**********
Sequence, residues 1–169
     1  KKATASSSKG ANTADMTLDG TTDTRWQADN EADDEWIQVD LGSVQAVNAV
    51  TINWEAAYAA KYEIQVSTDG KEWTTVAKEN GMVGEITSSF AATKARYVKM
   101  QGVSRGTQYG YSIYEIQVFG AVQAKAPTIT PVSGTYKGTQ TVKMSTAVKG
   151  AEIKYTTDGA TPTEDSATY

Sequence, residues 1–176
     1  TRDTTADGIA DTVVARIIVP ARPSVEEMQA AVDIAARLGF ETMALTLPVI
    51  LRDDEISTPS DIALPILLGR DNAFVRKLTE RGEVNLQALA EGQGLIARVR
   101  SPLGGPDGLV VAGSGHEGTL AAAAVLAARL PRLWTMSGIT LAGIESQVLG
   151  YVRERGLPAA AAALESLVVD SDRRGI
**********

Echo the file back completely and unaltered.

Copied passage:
Sequence, residues 1–169
     1  KKATASSSKG ANTADMTLDG TTDTRWQADN EADDEWIQVD LGSVQAVNAV
    51  TINWEAAYAA KYEIQVSTDG KEWTTVAKEN GMVGEITSSF AATKARYVKM
   101  QGVSRGTQYG YSIYEIQVFG AVQAKAPTIT PVSGTYKGTQ TVKMSTAVKG
   151  AEIKYTTDGA TPTEDSATY

Sequence, residues 1–176
     1  TRDTTADGIA DTVVARIIVP ARPSVEEMQA AVDIAARLGF ETMALTLPVI
    51  LRDDEISTPS DIALPILLGR DNAFVRKLTE RGEVNLQALA EGQGLIARVR
   101  SPLGGPDGLV VAGSGHEGTL AAAAVLAARL PRLWTMSGIT LAGIESQVLG
   151  YVRERGLPAA AAALESLVVD SDRRGI